This River Awakens is dark and even, at times, rather ugly. This could easily be “too much” to some readers, so be warned. In fact, a lot of what happens in this book can be stomach-churning. I can tolerate a lot of dark, but this book did disturb me at times, and that fact alone shocked me. It also says something for the realism of Erikson’s writing. For example, a girl is raped by her father, a woman is battered by her drunk husband, kids find the rotting body of a giant, and more. This is a very disturbing book and readers should be aware of that. Yes, it’s coming-of-age, and yes, there is some light, but it doesn’t balance the darkness and Erikson’s writing and atmosphere can make the darkness seem so much more intense.

Unfortunately, This River Awakens also has a slightly bloated feel. The plot is so slow moving at times that it feels like you are stuck in cement. The writing, the Erikson feel, and the rich characters don’t make up for this. While readers who stick through to the end will be richly rewarded, it is a hefty tome. If Erikson had cut the length a bit, and perhaps moved the plot forward faster, the dark aspects of it might be a bit more tolerable. That being said, it really says something for the author’s first book that readers can and do manage to read the entire thing despite the ugly bits and ponderous pace.

This River Awakens is a raw, visceral coming-of-age story and absolutely unlike anything I’ve ever imagined the author could, or would, write. It’s a haunting tale that will stick to you like glue once you finish it, though you might have to work a bit for that reward. This River Awakens has its share of problems, and it’s definitely not for everyone, but despite its issues, it is fantastic. It shows just how versatile Erikson is as an author. Ponderous pace be damned, this book is pure art — beautifully dark, very challenging (in more ways than one) art.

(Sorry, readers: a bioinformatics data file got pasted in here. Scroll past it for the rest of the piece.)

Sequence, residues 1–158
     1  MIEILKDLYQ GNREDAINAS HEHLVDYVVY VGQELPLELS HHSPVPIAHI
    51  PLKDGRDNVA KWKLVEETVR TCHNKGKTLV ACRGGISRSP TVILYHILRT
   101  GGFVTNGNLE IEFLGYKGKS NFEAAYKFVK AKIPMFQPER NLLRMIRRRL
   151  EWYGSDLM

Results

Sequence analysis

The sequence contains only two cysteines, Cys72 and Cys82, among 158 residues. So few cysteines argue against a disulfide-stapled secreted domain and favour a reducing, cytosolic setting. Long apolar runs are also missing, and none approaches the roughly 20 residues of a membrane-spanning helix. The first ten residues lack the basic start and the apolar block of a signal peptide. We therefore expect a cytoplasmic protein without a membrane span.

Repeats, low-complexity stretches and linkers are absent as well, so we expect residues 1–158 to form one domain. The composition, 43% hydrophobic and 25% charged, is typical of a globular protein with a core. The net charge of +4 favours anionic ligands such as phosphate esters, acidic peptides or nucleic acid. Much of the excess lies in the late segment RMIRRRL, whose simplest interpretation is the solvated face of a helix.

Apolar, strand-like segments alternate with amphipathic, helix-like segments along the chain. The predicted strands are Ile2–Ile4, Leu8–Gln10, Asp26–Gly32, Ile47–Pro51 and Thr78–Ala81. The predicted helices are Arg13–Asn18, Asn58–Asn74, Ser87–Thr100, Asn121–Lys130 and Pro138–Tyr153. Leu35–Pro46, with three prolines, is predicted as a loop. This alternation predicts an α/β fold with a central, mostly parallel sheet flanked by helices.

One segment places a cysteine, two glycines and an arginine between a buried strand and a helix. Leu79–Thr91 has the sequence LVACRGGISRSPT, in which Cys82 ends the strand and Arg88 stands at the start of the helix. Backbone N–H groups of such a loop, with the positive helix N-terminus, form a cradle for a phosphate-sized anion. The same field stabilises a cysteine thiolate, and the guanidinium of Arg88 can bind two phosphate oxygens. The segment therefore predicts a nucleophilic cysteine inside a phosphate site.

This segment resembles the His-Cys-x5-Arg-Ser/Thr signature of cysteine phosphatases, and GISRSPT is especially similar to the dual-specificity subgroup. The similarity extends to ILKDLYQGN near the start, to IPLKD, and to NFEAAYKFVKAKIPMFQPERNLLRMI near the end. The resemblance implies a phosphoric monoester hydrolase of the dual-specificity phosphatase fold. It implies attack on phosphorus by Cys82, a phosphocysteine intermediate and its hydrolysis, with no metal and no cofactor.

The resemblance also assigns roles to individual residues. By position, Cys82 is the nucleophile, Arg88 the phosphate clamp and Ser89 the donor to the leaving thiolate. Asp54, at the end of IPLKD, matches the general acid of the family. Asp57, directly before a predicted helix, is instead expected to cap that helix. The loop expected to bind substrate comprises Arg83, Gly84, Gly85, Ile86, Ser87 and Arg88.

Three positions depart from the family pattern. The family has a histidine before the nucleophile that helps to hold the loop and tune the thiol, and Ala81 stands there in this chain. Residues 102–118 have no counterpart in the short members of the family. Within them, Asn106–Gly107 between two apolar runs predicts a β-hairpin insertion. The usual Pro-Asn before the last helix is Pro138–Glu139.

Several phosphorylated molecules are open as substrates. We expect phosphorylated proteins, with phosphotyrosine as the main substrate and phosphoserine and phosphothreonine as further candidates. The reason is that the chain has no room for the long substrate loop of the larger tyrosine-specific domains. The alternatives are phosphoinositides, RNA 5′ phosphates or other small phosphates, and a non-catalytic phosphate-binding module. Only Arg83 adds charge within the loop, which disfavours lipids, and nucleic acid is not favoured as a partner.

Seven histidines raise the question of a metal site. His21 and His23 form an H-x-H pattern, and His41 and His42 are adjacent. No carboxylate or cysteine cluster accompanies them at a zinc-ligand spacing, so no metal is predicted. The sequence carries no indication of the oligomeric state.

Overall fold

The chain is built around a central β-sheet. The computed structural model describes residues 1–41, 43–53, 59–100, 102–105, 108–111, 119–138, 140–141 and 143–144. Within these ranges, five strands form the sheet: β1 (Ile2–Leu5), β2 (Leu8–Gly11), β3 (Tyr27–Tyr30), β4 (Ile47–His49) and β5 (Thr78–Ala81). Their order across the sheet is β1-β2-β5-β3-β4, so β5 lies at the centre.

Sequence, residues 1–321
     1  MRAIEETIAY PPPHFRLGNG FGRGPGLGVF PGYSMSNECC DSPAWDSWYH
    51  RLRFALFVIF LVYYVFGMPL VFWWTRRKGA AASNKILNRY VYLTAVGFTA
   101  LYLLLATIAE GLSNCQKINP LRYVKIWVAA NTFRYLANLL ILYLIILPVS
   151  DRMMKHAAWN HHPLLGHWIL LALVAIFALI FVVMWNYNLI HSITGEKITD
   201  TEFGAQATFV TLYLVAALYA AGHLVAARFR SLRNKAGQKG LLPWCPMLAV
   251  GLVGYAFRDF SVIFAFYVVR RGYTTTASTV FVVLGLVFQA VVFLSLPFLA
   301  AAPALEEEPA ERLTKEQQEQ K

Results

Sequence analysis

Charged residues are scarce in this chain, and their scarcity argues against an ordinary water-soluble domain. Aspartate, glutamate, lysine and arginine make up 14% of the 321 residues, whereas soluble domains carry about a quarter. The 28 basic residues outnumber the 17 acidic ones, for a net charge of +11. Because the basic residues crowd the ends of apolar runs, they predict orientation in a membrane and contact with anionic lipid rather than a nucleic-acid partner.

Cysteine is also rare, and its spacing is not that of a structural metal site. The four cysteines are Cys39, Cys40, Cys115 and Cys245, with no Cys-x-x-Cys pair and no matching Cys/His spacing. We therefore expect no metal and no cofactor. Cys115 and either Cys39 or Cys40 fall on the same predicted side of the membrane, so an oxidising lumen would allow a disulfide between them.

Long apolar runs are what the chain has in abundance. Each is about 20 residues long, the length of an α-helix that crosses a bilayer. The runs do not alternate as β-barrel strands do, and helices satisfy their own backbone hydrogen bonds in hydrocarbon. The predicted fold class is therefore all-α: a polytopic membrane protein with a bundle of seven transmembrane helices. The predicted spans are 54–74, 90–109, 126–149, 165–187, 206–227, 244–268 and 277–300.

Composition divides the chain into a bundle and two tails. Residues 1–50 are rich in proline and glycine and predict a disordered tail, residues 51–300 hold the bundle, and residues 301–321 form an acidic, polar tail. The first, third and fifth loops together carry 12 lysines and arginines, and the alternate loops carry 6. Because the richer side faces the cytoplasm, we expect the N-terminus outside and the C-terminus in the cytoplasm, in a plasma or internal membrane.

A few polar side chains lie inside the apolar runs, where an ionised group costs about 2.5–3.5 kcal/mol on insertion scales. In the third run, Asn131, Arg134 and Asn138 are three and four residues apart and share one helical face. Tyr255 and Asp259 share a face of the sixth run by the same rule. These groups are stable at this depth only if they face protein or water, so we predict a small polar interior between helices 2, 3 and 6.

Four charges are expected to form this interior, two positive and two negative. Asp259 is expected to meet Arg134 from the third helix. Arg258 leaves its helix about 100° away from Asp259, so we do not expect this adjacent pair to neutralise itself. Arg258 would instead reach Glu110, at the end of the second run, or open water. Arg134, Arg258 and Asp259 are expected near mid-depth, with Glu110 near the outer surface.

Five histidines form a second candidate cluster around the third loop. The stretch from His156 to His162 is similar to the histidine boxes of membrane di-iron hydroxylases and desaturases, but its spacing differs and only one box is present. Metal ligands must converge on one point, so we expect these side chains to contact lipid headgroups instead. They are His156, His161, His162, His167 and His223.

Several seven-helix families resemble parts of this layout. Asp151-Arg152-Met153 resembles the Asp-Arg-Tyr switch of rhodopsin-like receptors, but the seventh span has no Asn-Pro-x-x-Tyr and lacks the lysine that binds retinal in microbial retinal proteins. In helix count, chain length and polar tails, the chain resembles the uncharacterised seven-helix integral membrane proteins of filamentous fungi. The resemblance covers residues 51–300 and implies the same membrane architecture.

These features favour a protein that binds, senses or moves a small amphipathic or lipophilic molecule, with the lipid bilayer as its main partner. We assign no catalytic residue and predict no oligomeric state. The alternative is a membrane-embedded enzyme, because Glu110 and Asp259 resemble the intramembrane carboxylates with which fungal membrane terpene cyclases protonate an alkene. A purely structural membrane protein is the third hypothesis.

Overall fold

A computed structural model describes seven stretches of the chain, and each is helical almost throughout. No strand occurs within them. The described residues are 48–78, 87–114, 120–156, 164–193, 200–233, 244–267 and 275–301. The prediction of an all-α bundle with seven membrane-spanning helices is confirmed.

This River Awakens — (2012) Publisher: A time to escape. Twelve-year-old Owen Brand and his family move to Middlecross, a riverside town in rural Canada, hoping to leave poverty and unhappiness behind. A time for innocence Owen meets three local boys, and they soon form an inseparable band. Over the summer holidays they create their own world, a place apart from the adults who watch over them. Owen also grows close to Jennifer, a fascinating but deeply troubled girl. And a time to grow up. Then the gang stumble across a body in the river — a discovery with unimaginable consequences for them and the town, from which there is no going back.

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SARAH CHORN, one of our regular guest reviewers, has been a compulsive reader her whole life, and early on found her reading niche in the fantastic genre of Speculative Fiction. She blames her active imagination for the hobbies that threaten to consume her life. She is a published photographer, world traveler and recent college graduate and mother. Sarah keeps a blog at Bookworm Blues.

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One comment

  1. Kevin S. /

    Sounds similar to A Boys Life by Robert McCammon, which is one of my all-time favorite books. I’ll add it to my TBR list!